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All programming slots are now filled. Changes require excessive bribing.
In addition to our guests Sam Baardmann (accompanied by Susan Israel) and Mich Sampson, we've been busy lining up some great concerts and workshops. The following folks have requested performance time at 1812Tone:
Along with the customary two hours of 2 x 10 Concerts that folks can sign up for at the con (2 songs or 10 minutes, whichever comes first), we also have an Irish Sessiun with Susan Israel, an Accompanying Guitar workshop with Sam Baardman, SATB and an Ecumenifilk with Mich Sampson, and a Tech Mixing workshop with GK. If we can pull it off, we're also hoping to present a "blending" of British "Silly Games" with Peter Wareham and Gwen Funnell with American Stand-Up/Improve Games with Bill and Gretchen Roper. Should be a lot of fun.
Our most exciting endeavor is something that we're calling "Unstabands." On Saturday, four groups of musicians who ordinarily do not have the opportunity to play together will enter the Alternate Programming Room. All singers, but included in each group will be one guitarist, one bass player, one percussionist, one keyboardist, and one or two "additional" musicians. One of the bands will be Voices Only.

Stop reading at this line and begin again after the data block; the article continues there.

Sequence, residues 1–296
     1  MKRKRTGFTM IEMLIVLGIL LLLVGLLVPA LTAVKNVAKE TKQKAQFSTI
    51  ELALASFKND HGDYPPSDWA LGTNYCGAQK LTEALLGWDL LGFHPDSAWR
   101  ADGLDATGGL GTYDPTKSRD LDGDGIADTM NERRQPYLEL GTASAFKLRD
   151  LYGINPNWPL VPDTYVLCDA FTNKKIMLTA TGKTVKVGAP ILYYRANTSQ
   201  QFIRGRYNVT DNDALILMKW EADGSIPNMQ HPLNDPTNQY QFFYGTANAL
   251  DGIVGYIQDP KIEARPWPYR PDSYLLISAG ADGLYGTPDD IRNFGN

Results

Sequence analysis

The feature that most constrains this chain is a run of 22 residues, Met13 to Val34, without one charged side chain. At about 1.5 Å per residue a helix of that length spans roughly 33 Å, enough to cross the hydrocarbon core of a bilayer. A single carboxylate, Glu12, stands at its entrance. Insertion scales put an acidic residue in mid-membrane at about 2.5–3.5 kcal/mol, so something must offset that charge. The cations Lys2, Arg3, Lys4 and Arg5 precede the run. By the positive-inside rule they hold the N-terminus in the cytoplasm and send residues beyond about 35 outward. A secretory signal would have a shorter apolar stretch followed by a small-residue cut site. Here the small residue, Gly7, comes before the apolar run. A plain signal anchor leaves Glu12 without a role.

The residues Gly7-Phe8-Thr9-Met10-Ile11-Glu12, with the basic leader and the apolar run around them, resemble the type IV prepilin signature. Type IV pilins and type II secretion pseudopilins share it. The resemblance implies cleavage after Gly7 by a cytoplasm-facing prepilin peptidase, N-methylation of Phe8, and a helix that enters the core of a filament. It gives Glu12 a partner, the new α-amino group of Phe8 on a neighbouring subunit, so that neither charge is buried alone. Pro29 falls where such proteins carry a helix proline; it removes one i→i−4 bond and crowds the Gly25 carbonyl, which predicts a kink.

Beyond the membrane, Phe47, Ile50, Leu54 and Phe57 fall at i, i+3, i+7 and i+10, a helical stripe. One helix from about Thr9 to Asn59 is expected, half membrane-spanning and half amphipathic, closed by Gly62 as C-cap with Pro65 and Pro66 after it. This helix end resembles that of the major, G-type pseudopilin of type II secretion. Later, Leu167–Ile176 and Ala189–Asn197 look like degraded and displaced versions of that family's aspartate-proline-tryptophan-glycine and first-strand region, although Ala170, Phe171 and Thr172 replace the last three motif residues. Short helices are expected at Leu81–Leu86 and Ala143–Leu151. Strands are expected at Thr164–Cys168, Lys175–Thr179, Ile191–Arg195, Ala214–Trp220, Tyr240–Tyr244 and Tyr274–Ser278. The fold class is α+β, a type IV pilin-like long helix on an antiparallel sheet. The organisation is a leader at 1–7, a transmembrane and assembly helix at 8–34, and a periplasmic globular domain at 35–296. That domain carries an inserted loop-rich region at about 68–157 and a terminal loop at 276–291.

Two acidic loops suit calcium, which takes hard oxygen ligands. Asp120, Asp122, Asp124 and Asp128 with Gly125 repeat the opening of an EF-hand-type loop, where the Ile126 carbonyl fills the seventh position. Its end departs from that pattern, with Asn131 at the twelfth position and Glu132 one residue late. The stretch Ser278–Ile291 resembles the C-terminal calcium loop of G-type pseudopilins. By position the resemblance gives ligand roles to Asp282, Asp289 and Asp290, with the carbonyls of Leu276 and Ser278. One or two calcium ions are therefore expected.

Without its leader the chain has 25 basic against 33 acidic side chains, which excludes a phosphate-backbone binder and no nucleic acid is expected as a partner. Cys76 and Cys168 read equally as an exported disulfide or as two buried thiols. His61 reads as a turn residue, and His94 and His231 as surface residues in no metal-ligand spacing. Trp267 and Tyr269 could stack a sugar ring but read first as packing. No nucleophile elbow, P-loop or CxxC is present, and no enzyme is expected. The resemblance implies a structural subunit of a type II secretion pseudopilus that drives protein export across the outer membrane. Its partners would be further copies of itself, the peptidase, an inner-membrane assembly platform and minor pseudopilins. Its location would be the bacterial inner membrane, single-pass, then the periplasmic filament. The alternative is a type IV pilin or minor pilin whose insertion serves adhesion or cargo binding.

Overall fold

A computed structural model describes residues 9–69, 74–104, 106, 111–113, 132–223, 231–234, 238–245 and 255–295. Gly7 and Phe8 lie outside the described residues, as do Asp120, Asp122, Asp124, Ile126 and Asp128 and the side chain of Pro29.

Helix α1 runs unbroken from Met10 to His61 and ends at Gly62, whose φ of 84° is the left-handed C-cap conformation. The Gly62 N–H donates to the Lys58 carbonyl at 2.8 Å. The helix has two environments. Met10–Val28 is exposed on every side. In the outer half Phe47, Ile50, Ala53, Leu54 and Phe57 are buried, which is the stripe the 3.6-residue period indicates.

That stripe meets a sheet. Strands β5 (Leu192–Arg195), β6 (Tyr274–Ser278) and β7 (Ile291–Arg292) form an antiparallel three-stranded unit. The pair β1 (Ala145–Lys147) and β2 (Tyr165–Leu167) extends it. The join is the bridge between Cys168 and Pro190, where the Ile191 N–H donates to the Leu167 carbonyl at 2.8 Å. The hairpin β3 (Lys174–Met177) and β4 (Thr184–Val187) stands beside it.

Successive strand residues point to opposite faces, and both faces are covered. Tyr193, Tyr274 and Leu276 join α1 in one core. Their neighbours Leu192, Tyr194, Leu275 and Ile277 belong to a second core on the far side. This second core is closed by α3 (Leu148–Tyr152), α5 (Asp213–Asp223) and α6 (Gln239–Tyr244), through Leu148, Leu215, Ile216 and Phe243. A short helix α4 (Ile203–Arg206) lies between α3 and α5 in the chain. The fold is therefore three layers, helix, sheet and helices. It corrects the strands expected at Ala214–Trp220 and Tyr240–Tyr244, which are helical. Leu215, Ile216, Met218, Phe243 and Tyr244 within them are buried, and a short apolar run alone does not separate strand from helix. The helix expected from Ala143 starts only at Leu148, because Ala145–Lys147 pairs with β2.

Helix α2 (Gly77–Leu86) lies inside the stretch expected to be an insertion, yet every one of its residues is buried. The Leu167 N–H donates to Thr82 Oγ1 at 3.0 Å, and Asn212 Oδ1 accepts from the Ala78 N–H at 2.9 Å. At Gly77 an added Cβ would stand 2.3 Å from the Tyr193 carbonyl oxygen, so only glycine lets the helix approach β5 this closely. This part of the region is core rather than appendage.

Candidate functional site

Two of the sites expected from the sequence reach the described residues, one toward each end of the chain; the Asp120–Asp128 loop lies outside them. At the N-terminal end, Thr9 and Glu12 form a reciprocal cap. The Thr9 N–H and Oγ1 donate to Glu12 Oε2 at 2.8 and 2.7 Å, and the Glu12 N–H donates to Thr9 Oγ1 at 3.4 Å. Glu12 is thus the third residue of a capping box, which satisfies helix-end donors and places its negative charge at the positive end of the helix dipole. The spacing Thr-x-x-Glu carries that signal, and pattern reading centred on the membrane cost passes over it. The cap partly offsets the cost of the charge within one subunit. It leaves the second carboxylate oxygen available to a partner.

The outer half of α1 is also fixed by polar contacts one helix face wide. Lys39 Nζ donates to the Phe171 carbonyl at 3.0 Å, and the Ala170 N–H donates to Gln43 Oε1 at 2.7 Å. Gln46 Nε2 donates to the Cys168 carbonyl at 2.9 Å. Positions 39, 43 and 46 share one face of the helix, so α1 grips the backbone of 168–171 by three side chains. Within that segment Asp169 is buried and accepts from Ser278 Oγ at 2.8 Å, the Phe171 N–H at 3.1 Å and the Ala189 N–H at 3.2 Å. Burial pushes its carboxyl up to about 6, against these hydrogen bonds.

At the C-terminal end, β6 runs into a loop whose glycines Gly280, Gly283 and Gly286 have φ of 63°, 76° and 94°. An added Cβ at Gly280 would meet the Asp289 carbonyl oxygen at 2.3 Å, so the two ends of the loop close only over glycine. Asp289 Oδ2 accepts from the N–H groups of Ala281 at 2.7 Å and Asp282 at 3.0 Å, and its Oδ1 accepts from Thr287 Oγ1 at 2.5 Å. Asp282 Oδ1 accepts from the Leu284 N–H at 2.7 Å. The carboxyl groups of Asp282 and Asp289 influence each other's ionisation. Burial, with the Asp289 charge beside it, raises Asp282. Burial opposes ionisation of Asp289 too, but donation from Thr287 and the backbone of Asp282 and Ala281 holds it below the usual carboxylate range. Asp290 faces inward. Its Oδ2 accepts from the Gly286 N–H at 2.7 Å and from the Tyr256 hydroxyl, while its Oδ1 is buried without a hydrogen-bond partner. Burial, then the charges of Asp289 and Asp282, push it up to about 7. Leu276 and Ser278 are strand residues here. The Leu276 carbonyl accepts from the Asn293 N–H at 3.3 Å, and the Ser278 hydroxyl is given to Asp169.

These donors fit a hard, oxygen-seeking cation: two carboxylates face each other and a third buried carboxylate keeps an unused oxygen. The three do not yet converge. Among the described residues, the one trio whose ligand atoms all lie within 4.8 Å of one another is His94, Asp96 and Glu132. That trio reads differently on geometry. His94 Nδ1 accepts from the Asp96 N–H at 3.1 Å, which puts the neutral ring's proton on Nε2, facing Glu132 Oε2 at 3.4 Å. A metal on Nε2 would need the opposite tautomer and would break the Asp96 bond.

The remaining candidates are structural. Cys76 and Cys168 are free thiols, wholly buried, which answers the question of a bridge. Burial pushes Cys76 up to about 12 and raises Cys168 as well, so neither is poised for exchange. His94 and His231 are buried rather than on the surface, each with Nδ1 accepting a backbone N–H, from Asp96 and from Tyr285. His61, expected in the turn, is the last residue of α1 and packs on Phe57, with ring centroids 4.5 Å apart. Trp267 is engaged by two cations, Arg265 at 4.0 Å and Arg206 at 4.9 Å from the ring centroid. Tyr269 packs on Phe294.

The members of each band won't know who the other players/singers are until they reach the convention.
Each band will be given one hour to play and sing together -- whatever they want to play.
Listening audiences are welcome, but the Unstaband is the band - no add-ins.
At the end of the hour, the members of the Unstaband will decide which of all the songs that they played really rocked. Then they will give over to the next Unstaband. Bands are discouraged from meeting on the side for additional "rehearsal."
On Sunday, before the Sams recipients grace us with a repeat performance of their winning compositions, each Unstaband will play their selection. (We're asking the keyboard players to share an instrument.)
It's not a contest or competition. No prizes or lasting fame. We're hoping that folks will jump on board for the sheer exhilarating fun of a musical experiment. It might not work, but then again...it might.
12-Tone Technique bases the melodies and harmonies of a piece
on an ordering of the 12 notes of the chromatic scale.
The 12 tones of an octave are not centered around any single tone,
but are united by the composer's selected order of tones for a given composition.
This technique represented a clear break with the harmonic formulas of music
that had been developed during the 18th and 19th centuries.